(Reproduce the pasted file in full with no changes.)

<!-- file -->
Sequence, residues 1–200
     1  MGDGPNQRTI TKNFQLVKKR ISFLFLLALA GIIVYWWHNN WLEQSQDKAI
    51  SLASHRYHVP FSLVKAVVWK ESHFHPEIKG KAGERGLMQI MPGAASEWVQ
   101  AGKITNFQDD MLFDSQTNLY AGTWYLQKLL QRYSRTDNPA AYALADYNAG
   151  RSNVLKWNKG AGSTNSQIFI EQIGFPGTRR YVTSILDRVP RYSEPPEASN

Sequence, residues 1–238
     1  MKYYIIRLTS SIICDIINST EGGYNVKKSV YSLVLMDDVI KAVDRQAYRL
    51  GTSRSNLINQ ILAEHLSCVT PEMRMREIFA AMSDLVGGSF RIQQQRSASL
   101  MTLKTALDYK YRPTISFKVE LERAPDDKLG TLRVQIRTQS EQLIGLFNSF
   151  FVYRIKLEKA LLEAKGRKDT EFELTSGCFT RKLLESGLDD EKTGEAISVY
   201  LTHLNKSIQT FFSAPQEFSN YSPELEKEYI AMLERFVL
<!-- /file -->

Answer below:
Sequence, residues 1–200
     1  MGDGPNQRTI TKNFQLVKKR ISFLFLLALA GIIVYWWHNN WLEQSQDKAI
    51  SLASHRYHVP FSLVKAVVWK ESHFHPEIKG KAGERGLMQI MPGAASEWVQ
   101  AGKITNFQDD MLFDSQTNLY AGTWYLQKLL QRYSRTDNPA AYALADYNAG
   151  RSNVLKWNKG AGSTNSQIFI EQIGFPGTRR YVTSILDRVP RYSEPPEASN

Sequence, residues 1–238
     1  MKYYIIRLTS SIICDIINST EGGYNVKKSV YSLVLMDDVI KAVDRQAYRL
    51  GTSRSNLINQ ILAEHLSCVT PEMRMREIFA AMSDLVGGSF RIQQQRSASL
   101  MTLKTALDYK YRPTISFKVE LERAPDDKLG TLRVQIRTQS EQLIGLFNSF
   151  FVYRIKLEKA LLEAKGRKDT EFELTSGCFT RKLLESGLDD EKTGEAISVY
   201  LTHLNKSIQT FFSAPQEFSN YSPELEKEYI AMLERFVL